The Legend of Zelda: Majora’s Mask 3D (2015, Nintendo 3DS)
Based on: The Legend of Zelda: Majora’s Mask (2000, Nintendo 64)
Deal Frequency: This title may have been a dud compared to the inimitable original version of Majora’s Mask, but it has not been spared by the surging price of 3DS games. You can get a $19.99 digital download from the Nintendo eShop whenever you’d like, but used physical copies start right around the same price and new ones have been spotted for as much as $33.
Why it doesn’t work: Amidst a sea of “fine” to “extraordinary” Legend of Zelda remakes lies the sole failure — the 3DS remake of Majora’s Mask, one of the most widely acclaimed Nintendo 64 titles of all time. Bosses were substantially nerfed, many hard-won Easter eggs such as Shiro’s Stone Mask were changed or removed and what was once refreshingly challenging got downgraded to tedious and difficult or mindless and simple.
Silent Hill HD Collection (2012, Cross-Platform)
Based on: Silent Hill 2 (2001, PlayStation 2) and Silent Hill 3 (2003, PlayStation 2)
Deal Frequency: Thanks to the unfortunate reputation surrounding Silent Hill HD Collection, you shouldn’t have any problems finding a discounted copy. You can find used and third-party copies for approximately $25, a solid $15 less than the $39.99 MSRP. The game went on sale for $7.49 on the Xbox Marketplace about a year ago, but there haven’t been many substantial deals before or since.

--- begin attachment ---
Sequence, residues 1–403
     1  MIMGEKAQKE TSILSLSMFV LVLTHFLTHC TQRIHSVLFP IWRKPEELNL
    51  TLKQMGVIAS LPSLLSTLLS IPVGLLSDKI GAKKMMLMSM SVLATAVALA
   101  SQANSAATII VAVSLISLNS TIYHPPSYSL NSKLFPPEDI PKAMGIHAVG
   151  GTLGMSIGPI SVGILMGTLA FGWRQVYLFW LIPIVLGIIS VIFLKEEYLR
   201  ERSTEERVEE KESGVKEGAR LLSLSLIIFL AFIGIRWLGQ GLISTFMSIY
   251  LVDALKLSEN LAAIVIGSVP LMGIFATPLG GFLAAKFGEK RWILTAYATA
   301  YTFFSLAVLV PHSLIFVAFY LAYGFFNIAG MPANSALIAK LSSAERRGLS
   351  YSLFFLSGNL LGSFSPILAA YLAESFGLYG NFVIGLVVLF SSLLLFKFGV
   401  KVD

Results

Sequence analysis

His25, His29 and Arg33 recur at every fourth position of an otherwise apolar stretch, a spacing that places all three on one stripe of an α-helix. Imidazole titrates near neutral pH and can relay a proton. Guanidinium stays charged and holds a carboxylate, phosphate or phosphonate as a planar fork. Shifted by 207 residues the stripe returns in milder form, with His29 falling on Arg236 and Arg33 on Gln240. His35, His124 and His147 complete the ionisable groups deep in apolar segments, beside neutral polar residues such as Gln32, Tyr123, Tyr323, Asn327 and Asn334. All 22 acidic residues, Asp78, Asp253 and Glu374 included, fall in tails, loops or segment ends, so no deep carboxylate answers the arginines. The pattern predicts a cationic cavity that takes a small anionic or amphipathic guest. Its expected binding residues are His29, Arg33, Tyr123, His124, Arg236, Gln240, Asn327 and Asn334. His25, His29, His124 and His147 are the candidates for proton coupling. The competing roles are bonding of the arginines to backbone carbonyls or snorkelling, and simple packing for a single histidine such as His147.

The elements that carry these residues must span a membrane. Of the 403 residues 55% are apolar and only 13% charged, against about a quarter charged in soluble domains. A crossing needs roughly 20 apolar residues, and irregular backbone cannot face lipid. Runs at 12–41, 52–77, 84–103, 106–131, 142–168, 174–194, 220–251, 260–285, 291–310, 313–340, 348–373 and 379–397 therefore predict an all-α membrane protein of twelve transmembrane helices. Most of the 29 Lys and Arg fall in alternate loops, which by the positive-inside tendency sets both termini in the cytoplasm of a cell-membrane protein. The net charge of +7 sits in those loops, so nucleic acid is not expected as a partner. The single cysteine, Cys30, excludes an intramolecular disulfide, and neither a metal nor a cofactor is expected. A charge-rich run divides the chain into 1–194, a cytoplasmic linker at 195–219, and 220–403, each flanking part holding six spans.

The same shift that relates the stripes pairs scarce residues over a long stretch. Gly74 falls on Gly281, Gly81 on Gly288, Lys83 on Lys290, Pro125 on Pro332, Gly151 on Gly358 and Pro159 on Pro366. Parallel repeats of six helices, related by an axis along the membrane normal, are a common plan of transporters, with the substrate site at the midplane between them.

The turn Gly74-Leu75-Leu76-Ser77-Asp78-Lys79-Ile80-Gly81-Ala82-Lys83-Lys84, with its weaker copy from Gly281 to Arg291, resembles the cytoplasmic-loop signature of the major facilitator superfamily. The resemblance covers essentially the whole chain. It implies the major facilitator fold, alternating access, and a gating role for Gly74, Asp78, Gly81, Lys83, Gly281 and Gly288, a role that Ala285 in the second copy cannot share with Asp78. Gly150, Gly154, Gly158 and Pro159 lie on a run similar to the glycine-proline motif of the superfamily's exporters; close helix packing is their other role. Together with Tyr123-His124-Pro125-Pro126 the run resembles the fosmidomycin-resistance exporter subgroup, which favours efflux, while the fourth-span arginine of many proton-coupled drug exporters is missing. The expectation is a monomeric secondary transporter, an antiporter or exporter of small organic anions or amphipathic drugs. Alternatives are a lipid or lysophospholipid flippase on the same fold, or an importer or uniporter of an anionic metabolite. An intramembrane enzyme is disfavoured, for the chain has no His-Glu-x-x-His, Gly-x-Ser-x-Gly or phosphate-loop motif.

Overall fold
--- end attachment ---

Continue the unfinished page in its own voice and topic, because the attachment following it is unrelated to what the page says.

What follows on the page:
Why it doesn’t work: The Silent Hill fanbase has had a rough ten years. A couple of years before the devastating cancellation of Silent Hills, another tragedy occurred — the buggy eyesore known as the “HD Collection.” The disorienting fog that defined the original games’ atmosphere was all but gone and the “new” and “improved” resolution was a poorly rendered mass upscaling of the original graphics.
SimCity (2013, PC)
Based on: SimCity (1989, Cross-Platform)
Deal Frequency: This unfortunate installment of the SimCity franchise was widely panned upon its release, so you shouldn’t pay more than $10 for it. You can frequently find a used copy for as little as $5.
Why it doesn’t work: To put it bluntly: Less than two weeks after the 2013 revival of SimCity was released, EA compensated those who bought the game with a free game on the house. The original game predated widespread home internet connections, yet the 2013 version required a constant internet connection to work. On top of that, it didn’t work — server errors were constant and some advertised features were missing or severely overstated. Even if something cool made it into the SimCity remaster, EA recommended that you turn it off so the game will run.